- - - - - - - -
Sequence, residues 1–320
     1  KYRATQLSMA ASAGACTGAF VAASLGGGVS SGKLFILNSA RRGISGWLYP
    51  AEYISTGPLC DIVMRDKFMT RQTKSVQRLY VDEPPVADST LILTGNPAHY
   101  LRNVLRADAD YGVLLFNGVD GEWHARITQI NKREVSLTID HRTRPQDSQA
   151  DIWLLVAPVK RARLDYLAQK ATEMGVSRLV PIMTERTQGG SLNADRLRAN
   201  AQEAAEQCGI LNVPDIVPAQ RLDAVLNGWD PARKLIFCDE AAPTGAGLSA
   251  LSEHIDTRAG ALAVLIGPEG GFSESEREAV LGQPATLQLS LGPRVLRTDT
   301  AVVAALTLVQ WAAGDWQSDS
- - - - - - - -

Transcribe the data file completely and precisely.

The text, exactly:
Sequence, residues 1–320
     1  KYRATQLSMA ASAGACTGAF VAASLGGGVS SGKLFILNSA RRGISGWLYP
    51  AEYISTGPLC DIVMRDKFMT RQTKSVQRLY VDEPPVADST LILTGNPAHY
   101  LRNVLRADAD YGVLLFNGVD GEWHARITQI NKREVSLTID HRTRPQDSQA
   151  DIWLLVAPVK RARLDYLAQK ATEMGVSRLV PIMTERTQGG SLNADRLRAN
   201  AQEAAEQCGI LNVPDIVPAQ RLDAVLNGWD PARKLIFCDE AAPTGAGLSA
   251  LSEHIDTRAG ALAVLIGPEG GFSESEREAV LGQPATLQLS LGPRVLRTDT
   301  AVVAALTLVQ WAAGDWQSDS